Brexit reminds us of ‘miracle’ that brought France, Germany out of enmity - McAleese

Former Irish president speaks of European ideal as she receives one of France’s highest honours

 Mary McAleese on the occasion of the presentation of the Dignity of Grand Officier de l’Ordre National du Mérite. Photograph: Nick Bradshaw

Mary McAleese on the occasion of the presentation of the Dignity of Grand Officier de l’Ordre National du Mérite. Photograph: Nick Bradshaw

 

Mary McAleese said that ‘faced with Brexit’ we are “ reminded of the sheer miracle that brought France and Germany out of enmity and into partnership” after the second World War.

The former Irish president gave a resounding endorsement to the European ideal after she was bestowed with one of France’s highest honours on Monday night.

Ms McAleese received the Dignité de Grande Officier de l’Ordre National du Mérite at the French Ambassador’s residence in Dublin.

Expressing her gratitute to French president Emmanuel Macron “for this special honour” which she “deeply” appreciates, she spoke of “the web of history” uniting Ireland and France.

“I think of the man who first coined the phrase that caputured the idea of a united nations of Europe ‘totus Europa ’, the Irish monk Columbanus,” in the sixth century, she said.

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“Most of all today I think of those great Frenchmen and founders of our European Union, Jean Monnet and Robert Schuman. Directly after the second World War, after 50 years in which Europe was a massive killing field, in both desperation and at the depravity of humanity and with faith and hope in the goodness of humanity they turned to Columbanus’s vision of a Europe of the nations, each proud of its own identity, all working together in a voluntary partnership, for peace, progress and prosperity,” she said.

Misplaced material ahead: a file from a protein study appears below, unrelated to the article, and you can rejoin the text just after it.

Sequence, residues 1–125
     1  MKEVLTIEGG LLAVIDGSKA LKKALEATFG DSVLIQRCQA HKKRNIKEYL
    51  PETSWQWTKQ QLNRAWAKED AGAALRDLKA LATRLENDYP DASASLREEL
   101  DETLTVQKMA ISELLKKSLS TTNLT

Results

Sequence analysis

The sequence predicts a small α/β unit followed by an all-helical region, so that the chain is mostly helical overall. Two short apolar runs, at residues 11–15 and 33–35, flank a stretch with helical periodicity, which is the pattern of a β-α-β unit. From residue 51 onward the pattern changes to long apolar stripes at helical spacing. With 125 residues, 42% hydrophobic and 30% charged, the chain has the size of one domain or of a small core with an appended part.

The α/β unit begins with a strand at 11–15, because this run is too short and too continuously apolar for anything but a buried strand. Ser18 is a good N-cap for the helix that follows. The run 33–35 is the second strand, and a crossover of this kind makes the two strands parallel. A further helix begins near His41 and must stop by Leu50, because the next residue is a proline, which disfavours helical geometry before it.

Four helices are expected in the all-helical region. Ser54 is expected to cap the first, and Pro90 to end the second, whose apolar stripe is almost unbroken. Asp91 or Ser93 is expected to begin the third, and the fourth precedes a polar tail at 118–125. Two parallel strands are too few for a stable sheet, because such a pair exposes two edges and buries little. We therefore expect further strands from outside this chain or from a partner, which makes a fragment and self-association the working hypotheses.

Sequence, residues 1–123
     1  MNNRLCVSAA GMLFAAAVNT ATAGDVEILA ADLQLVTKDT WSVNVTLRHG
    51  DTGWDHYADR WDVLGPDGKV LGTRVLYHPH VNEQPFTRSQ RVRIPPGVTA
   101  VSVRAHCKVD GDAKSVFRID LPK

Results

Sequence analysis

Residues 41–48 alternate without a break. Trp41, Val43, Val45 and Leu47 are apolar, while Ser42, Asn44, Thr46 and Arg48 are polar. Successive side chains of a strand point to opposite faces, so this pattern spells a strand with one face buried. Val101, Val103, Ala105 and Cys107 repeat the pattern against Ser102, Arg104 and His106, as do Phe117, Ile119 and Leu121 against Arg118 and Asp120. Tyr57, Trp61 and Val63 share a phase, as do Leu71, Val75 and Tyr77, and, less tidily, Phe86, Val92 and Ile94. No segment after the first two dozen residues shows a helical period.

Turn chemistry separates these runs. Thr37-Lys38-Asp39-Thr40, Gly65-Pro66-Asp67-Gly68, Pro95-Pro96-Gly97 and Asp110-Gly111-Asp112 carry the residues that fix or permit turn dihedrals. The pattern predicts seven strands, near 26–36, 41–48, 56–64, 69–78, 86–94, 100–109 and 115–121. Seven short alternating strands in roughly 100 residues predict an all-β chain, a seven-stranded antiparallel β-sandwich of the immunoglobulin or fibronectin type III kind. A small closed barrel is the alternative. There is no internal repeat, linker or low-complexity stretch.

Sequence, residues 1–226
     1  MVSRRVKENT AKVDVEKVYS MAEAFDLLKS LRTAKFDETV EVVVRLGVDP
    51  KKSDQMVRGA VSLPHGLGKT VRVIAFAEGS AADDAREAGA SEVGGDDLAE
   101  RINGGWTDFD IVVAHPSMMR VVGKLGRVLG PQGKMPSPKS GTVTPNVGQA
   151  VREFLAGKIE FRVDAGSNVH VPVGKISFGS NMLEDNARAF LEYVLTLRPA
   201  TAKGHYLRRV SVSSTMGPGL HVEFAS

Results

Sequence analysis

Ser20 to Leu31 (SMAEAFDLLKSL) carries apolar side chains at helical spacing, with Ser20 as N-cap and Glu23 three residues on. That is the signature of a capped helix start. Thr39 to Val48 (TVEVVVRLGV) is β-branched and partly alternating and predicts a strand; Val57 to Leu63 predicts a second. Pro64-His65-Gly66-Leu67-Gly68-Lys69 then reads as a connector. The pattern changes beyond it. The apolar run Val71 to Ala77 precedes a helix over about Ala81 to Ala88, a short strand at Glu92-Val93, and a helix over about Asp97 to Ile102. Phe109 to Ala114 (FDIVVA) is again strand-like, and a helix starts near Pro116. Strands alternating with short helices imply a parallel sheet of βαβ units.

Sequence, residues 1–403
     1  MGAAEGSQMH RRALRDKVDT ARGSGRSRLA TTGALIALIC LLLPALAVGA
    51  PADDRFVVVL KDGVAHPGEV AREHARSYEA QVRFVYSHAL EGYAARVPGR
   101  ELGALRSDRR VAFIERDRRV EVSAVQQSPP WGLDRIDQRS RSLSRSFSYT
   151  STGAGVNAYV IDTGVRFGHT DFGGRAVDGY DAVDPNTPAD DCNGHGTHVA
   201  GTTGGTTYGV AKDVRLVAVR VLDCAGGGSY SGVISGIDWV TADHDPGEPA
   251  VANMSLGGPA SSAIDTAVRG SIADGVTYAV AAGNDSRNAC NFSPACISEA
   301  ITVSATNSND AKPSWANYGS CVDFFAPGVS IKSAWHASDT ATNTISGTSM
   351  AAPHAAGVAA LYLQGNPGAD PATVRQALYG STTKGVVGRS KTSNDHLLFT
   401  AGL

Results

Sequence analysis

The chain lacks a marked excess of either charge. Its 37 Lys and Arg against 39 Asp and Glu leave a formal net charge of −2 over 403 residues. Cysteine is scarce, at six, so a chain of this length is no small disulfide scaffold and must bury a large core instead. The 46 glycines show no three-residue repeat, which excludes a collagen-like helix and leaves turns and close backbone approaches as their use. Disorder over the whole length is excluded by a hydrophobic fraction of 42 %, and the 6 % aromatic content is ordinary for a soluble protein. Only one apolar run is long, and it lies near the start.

She recalled how in 1950 at an event in France’s Luxeuil to mark the 1,400 anniversary of Columbanus’s birth, both men revealed “their great ambition” to other European leaders.

“Schuman spoke of ‘St Columban, this illustrious Irishman who willed and achieved a spiritual union between the principal European countries of his time. He is the patron saint of all those who now seek to build a united Europe’,” she said.

Then taoiseach John A Costello responded that “all statesmen of today might well turn their thoughts to St Columban and his teaching. History records that it was by men like him that civilisation was saved in the 6th century.” She added: “And there are those of us who might be worried that civilisation might be needed to be saved again.”

She continued: “Faced with Brexit we are reminded of the sheer miracle that brought France and Germany out of enmity and into partnership, of the walls that came down thanks to their witness, of the many nations now drawn into this remarkable and practical partnership.”

Presenting the honour French Ambassador Stéphane Crouzat praised Ms McAleese as “ a president who built bridges where there once were divisions.” She “showed Europe and the world that peace and coooperation could be achieved after decades of distrust.”

He observed that it was also “rare for a woman anywhere to be elected to the highest responsibility of the State.”

He spoke of her “two mandates to ‘building bridges’: bridges between communities, between genders, between social classes, between religions, and between States.” He recalled how “in 2011, at the end of your second mandate, you welcomed Queen Elizabeth II to Dublin, the first state visit of a British sovereign in the Republic of Ireland.”

Recalling Ms McAleese’s several visits to France as president, he hoped “the French and Irish people will continue to be inspired by your example, and continue to build beauiful bridges between our two countries.”

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